Sometimes the smell, the indistinguishable smell, lingers.
And the taste. The indistinguishable taste. It lingers.
This was hell.
The sight of twisted steel beams. The sound of fire crackling and debris falling. The sadness.
"They'll say they found bodies, but more often than not you were finding DNA or what was left of a body. A lot of those people inside were incinerated. They're never going to find them. They'll find a pile of something that was a body. A lot of times they would find a helmet or a coat or a fire boot," said Toledo Assistant Fire Chief Phil Cervantes.
"They did find some bodies relatively intact. We did not. If I hadn't had the training as a firefighter, I don't know that I would ever have been able to identify anything as human remains."
Chief Cervantes and Capt. Rick Syroka were two of the Toledo firefighters who responded after the attacks on the World Trade Center. Responded for their brothers.
Chief Cervantes had just completed a course in Alabama on handling hazardous materials. He was making photocopies of information about Osama bin Laden inside the Toledo Fire and Rescue Department's downtown headquarters when someone said there was an explosion at the World Trade Center.
Captain Syroka was in the department's downtown dispatch office on North Erie Street with the television on.
"I can remember being back and forth -- did it happen by accident? Did it happen on purpose?" Captain Syroka said. "What put a stamp on it was the second tower being hit. It was such a state of unbelievableness. … Did that just happen or was that a replay?"
And so, days later, the firefighters left Toledo for New York City. They only expected to drop off supplies but, "on a whim," took their fire gear, Chief Cervantes said.
"We needed to go find those firefighters and try to bring them out of that hell hole," he said. "That's why we went."
The Toledo firefighters were all confined-space and hazardous-materials trained, the kind of people needed on hand.
They spent a week "working the pile," almost exclusively where the north tower once stood.
Shifts were scheduled for 12 hours but typically lasted 14, maybe 16 hours each day. Every time they showed up to work, they were met by a man armed with an M-16 rifle who pointed the weapon at them until they flashed their credentials.
The firefighters were taken through checkpoint after checkpoint. There were snipers on roofs. Military and law enforcement personnel surrounded the site.
Firefighters searched the pile, 70 or 80 feet up, digging with 5-gallon buckets, looking to recover human remains.
"All of a sudden the whole area would become quiet because they would find a body and carry it out and take it to the morgue," Chief Cervantes said. "We never saw 'em, but the bagpipes would come down and play 'Danny Boy' or something. You know, it was tough. I can't, to this day, sit and listen to the songs on the bagpipes."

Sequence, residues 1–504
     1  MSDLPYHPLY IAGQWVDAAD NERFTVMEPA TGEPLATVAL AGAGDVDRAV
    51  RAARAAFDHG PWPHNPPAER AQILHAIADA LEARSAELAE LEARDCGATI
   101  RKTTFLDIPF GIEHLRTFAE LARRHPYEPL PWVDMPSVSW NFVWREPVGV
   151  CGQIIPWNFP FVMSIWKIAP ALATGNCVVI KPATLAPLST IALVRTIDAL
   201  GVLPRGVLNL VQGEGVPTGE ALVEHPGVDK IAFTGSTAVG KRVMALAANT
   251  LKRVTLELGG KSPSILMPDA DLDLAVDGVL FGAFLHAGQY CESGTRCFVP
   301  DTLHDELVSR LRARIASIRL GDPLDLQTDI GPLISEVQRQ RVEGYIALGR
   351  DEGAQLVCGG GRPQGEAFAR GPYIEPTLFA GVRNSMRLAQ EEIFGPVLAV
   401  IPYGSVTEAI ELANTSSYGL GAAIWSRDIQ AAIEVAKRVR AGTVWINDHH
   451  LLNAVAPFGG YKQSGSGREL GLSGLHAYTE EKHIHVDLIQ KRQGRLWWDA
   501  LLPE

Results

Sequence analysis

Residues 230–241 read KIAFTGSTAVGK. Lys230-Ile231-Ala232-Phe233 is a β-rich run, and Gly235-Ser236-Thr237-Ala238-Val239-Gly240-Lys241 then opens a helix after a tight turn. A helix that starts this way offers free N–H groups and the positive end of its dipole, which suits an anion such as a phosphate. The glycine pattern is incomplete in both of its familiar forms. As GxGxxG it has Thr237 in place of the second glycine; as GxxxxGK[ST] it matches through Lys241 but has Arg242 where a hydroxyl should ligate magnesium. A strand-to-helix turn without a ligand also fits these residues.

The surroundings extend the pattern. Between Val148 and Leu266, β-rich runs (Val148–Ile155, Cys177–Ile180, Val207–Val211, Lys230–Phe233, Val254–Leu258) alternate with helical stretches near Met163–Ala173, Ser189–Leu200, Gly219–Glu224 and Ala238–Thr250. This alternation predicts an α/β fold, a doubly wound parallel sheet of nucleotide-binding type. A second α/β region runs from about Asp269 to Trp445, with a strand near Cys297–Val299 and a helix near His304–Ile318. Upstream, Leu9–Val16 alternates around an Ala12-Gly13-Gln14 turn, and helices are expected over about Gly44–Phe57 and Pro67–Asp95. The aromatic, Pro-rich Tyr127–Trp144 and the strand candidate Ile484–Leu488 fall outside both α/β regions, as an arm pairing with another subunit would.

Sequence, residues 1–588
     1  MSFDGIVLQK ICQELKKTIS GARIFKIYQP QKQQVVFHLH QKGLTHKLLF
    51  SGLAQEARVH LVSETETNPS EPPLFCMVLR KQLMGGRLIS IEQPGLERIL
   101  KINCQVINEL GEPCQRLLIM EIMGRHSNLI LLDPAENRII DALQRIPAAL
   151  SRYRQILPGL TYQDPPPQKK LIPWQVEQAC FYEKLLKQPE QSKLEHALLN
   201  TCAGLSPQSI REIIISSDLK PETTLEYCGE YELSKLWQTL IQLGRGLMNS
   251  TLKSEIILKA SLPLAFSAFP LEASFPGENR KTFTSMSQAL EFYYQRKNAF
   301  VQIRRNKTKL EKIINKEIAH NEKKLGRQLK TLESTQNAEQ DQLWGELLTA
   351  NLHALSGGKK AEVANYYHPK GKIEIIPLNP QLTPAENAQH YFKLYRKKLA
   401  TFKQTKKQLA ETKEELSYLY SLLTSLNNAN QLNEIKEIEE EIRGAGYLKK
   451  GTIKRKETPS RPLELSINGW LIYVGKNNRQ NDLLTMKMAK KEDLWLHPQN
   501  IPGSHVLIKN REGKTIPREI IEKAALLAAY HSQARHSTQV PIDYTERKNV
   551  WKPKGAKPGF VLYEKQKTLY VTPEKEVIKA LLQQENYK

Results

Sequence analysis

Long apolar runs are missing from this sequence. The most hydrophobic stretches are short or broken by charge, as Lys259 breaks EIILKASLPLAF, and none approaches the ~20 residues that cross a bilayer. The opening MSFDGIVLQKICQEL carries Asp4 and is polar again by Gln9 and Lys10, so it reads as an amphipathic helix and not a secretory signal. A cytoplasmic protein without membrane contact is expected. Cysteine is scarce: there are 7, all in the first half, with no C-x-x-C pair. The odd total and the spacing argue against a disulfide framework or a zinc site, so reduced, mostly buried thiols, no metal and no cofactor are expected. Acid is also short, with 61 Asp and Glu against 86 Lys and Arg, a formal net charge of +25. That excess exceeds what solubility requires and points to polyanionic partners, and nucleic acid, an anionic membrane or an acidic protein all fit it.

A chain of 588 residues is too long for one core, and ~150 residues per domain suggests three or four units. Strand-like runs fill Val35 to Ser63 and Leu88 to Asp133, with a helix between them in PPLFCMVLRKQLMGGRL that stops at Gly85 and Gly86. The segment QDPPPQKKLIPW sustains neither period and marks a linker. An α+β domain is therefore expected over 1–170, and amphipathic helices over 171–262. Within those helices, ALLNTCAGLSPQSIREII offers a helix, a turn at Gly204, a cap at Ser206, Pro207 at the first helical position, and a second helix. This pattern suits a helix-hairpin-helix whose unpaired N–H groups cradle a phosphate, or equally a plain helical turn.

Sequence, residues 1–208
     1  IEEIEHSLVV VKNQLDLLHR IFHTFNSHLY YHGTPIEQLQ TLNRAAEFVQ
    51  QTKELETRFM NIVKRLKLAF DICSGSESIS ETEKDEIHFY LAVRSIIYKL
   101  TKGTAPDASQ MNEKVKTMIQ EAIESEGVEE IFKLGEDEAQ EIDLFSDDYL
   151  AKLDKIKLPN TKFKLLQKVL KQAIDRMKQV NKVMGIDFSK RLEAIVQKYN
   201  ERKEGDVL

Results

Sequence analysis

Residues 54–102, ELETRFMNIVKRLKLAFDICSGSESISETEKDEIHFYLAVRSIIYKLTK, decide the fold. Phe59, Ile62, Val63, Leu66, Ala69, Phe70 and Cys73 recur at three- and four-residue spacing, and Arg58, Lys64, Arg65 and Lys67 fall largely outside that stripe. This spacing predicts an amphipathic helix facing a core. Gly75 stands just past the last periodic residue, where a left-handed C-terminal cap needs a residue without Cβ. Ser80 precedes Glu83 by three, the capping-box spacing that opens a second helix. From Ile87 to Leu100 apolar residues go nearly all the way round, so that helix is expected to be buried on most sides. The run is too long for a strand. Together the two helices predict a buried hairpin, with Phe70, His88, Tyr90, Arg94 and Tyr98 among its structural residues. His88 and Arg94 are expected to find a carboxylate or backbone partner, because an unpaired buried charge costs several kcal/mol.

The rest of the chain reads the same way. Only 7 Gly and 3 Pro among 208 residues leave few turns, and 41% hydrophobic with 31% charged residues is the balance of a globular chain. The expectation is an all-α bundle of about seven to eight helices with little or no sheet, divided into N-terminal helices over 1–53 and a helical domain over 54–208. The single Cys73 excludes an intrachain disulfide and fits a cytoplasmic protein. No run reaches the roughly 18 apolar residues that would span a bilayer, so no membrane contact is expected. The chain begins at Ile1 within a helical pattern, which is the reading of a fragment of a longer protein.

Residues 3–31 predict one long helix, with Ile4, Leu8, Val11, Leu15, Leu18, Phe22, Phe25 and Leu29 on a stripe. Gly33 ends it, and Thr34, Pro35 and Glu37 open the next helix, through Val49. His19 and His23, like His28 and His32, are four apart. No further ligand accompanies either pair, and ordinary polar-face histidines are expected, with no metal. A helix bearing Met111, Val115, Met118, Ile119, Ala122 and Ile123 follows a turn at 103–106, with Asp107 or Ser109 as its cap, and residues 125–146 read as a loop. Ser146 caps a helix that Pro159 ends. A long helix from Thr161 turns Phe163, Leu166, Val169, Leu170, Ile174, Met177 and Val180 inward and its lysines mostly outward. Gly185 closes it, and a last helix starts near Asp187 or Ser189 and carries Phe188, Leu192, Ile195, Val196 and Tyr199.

"It was a mentally draining event. In Toledo I had seen death and pulled bodies out of fires, but that was overwhelming," the chief said.
There was a platform where families, waiting for their loved ones to be found, could watch. When the firefighters passed by, the devastated men and women reached out. Begging, pleading for their husband, their wife, their son, or daughter, to be found.
"A lot of our work was just recovery of body parts," Captain Syroka said. "But at the same time, it was to assure the members of the New York fire and New York police and the public that people were still searching. There was always that hope you might find a body, a full body, so somebody might have closure."
To leave the site, the volunteers were taken through all of the checkpoints, escorted by New York police everywhere they went. A police escort took them to the hotel where they stayed, waited for them to clean up, and drove them to a restaurant for dinner.
"But we were, being typical firefighters, wearing jeans and a T-shirt that said 'Toledo firefighter' and people would applaud," Chief Cervantes said. "You're going from a scene that is just barbaric to this status of something special."
But that wasn't what pushed the firefighters to continue, even after only having one hour, maybe two, of sleep.
It was their brothers.
"We were drawn to that scene because those were our people," Chief Cervantes said. "Even though we weren't New York firefighters, those were firefighters -- 343 of them inside that place. We needed to go there to see if we could find them."
Although 10 years have passed, the firefighters said it seems like just yesterday. The memories are still clear.
Chief Cervantes has tucked away the helmet and boots he wore at Ground Zero. Once in awhile, he'll pull them out, just to touch them, look at them, to think about what he has seen and the work he did.
"It's a curse and it's a blessing," he said. "I tell people, 'You're fortunate you don't know. Consider yourself blessed that you didn't go and didn't have to do the things we tried to do and didn't have to experience those smells and that dust and sadness.'"
But if the phone rang right now, this very second, both Chief Cervantes and Captain Syroka would go again.
"It surely doesn't feel like 10 years," Captain Syroka said. "No, it almost feels like yesterday." He said he read somewhere that since the attacks numerous first responders have died of problems related to working the pile.
"Me, personally, I'm still on a breathing program for my problems that they ruled have been associated with 9/11," the captain said.
The car ride home was quiet. There was a lot of thinking, sleeping, reflecting.
"It's one of those things, there was no place I should have been other than there, but sometimes I wish I'd never gone," Chief Cervantes said. "It's such a difficult … Nobody will ever understand, unless you were there. Nobody will truly understand what it was like."
But it was for their brothers.
Contact Taylor Dungjen at: firstname.lastname@example.org or 419-724-6054.